I have been published on The Mighty website!
Have a look at the article here
I have been published on The Mighty website!
Have a look at the article here
A couple of weeks ago I sat down to watch a documentary called ‘Aspergers and Me’ and I found it very thought (and feeling) provoking. I wanted to write a little review of it here on my blog to share with others…
The documentary follows a man called Chris who happens to be a BBC wildlife presenter. So here’s a little introduction to him:
“For most of his life, broadcaster and naturalist Chris Packham didn’t tell anyone about the one thing that in many ways has defined his entire existence. Chris is autistic – he has Asperger’s Syndrome, which means he struggles in social situations, has difficulty with human relationships, and is, by his own admission, “a little bit weird”. (BBC Media Centre, 2017)
Like 700,000 or so others in the UK, Chris Packham is autistic – he has a developmental disability affecting how he relates to other people, and also how he experiences the world. Specifically he has Asperger’s syndrome. His documentary invites us inside his autistic world to try to show what it’s really like being him. He lives alone in the woods with his ‘best friend’ who is called Scratchy. Scratchy is THE CUTEST dog; but Chris also has a long-term partner, Charlotte, who discusses the problems Asperger’s creates in their relationship – she describes Chris as being sometimes “like an alien”.
Chris experiences the world in a very different way, with heightened senses that can be very overwhelming. He grew up at a time when little was known about autism. Chris wasn’t diagnosed with Asperger’s until he was in his 40’s.
However with todays modern and scientific advances new possibilities are being offered to treat his condition. In the documentary Chris travels to America to witness new and quite radical therapies that seem to offer the possibility of entirely eradicating autistic traits. On the flip side of this Chris also meets those who are challenging the idea that autistic people need to change in order to fit into society. He visits one of many special schools in the U.S where children undergo repeated behaviour modification, in order to try to make them more normal. This makes for uncomfortable viewing.
Chris continues his travels, this time to Silicon Valley, one of the places where people with autistic traits are making massive contributions. Tech companies are slowly breaking the stigma and learning about untapped talent of autistic people. These people who are considered and often referred to as weird, geeky or lonely are starting to run the world.
Chris ultimately explores the question of whether he’d ever want to be cured himself, or whether Asperger’s has helped make him who he is today…
Would he ever choose to be ‘normal’?
“I’m anything but normal,” he agrees, staring at the floor. “I experience the world in hyper-reality. Sensory overload is a constant distraction. I’ve just been for a walk in the woods, and it was very different for me than it would be for you – the sights, the smells, the sounds.” He frowns, and glances at his partner, 41-year-old Charlotte Corney. “But we need to go to the supermarket later, and I’ll do anything to get out of it because supermarkets are a swamping of the senses. The lighting is hideous, it’s crowded, and the complex of smells is overwhelming.” (Chris Packham, Radio Times, 2017)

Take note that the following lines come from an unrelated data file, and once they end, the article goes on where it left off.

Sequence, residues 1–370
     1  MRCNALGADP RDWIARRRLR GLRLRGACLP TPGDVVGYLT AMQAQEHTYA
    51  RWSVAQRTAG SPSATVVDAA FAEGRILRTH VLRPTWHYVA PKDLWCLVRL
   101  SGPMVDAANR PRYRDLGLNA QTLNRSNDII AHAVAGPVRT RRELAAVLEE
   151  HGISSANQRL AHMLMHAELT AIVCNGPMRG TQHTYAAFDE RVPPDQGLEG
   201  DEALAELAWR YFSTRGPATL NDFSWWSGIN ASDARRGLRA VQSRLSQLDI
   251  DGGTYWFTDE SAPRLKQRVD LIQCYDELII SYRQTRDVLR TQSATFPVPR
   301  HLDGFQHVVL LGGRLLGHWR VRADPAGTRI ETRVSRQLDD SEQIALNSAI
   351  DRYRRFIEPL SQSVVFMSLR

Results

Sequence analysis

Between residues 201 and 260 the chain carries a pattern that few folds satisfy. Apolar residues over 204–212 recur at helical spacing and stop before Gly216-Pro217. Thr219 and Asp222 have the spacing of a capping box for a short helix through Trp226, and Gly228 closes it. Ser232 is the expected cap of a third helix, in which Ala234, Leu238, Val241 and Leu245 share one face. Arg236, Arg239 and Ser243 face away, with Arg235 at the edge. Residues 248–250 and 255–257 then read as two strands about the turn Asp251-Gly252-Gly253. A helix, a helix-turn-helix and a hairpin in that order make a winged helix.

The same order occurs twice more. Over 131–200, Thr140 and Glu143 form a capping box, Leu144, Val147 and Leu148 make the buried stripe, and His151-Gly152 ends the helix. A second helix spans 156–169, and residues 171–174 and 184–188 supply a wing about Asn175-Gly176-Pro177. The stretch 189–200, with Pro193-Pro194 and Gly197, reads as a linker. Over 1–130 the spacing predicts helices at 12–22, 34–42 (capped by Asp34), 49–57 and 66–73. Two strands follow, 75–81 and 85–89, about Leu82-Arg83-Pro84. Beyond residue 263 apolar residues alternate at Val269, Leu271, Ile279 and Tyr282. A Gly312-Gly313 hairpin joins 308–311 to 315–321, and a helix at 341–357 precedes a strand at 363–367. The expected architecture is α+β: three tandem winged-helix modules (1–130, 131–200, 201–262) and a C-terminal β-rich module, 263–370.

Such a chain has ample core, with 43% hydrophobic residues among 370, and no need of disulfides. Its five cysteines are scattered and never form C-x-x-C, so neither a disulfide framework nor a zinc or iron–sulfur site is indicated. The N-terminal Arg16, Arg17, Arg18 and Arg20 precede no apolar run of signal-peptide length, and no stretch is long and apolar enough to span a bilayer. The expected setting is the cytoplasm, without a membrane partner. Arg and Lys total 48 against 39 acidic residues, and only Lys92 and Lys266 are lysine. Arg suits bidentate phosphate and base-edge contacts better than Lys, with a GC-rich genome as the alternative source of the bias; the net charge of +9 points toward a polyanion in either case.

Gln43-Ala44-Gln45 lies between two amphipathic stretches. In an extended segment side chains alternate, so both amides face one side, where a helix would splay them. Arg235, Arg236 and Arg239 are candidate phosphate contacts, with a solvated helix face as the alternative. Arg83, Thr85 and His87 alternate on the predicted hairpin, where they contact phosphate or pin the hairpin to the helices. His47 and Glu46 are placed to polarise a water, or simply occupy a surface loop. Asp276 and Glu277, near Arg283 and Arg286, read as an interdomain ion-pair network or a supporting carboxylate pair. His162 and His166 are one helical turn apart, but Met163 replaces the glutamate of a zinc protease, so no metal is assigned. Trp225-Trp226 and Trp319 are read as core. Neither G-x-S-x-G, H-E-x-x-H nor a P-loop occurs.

“If there were a cure for Asperger’s, I don’t know if I’d want it. Humanity has prospered because of people with autistic traits. Without them, we wouldn’t have put man on the Moon or be running software programs. If we wiped out all the autistic people on the planet, I don’t know how much longer the human race would last.” (Chris Packham, Radio Times, 2017)
That’s the key, Chris says: not trying to change people, but learning to better understand and adapting to accommodate them. And, with this awesome and insightful documentary, he is really doing something to help with that.
The documentary was first aired (UK) on BBC Two, Tuesday 17th October at 9pm.
Why on earth am I writing a blog post about a Fluorescent jacket I hear you ask…just bear with me and read on:
Picture the scene: I am working away at my desk and at around 9.05am one of the company directors get into work. All normal and well so far. He then proceeds to hang up his fluorescent bike jacket on the hook by his desk. Now this jacket is visually brighter than the sun to a sensory being like me…(I realise this sounds utterly ridiculous but stick with me).
This jacket is in view just behind my laptop screen and is immediately screaming at me visually. It is so loud almost like a noise to me and is instantly distracting and grates on my mood.
I think back sometimes on how I feel when things like this affect me. They seem so big at the time and engulf me, taking up all my thoughts and feelings. How crazy is that? A bright neon jacket can affect me that much! In hindsight it’s a teeny tiny small insignificant part of my life – it affects me but I learn to cope and move on (through distracting myself and repositioning to face away from the indoor sun…!)
How do you feel about bright coloured objects, clothing and environments? Comment below with any stories and coping mechanisms!
And for more of my ramblings why not check out my podcasts? Links below!
Firstly I just want to say a big thank you to the lovely Bec for nominating me. I would definitely recommend popping on over to her blog here. Her blog focuses on anxiety/mental health and she shares some amazing thoughts and ideas on it!
This award was started by Okoto Enigma on her blog, it’s an award “for amazing bloggers with ingenious posts.” Click the link to the blog for details!
Here are the rules of this award:
Okay here goes…3 things about me:
If you could have the perfect 3 course meal, what would it be?
Ooooh. Okay erm…I’d say dough balls and garlic butter for starter (I love bland meals!) Veggie Spaghetti Bolognese for main meal and then definitely some form of ice cream for pudding!
What’s your biggest fear?
Now this is a tricky one. At the moment my biggest fear is socialising with people and loud noises! I am more then happy with great heights, rollercoasters, bugs, etc!
What would you say is your best characteristic?
Hmm. I love helping people out and problem solving things for people so I would say hopefully my best characteristic is being helpful 🙂
If you could go anywhere in the world, where would you go and why?
I love anywhere by the sea so I’d either say maybe somewhere in Devon or Cornwall or even somewhere on the coast in Italy!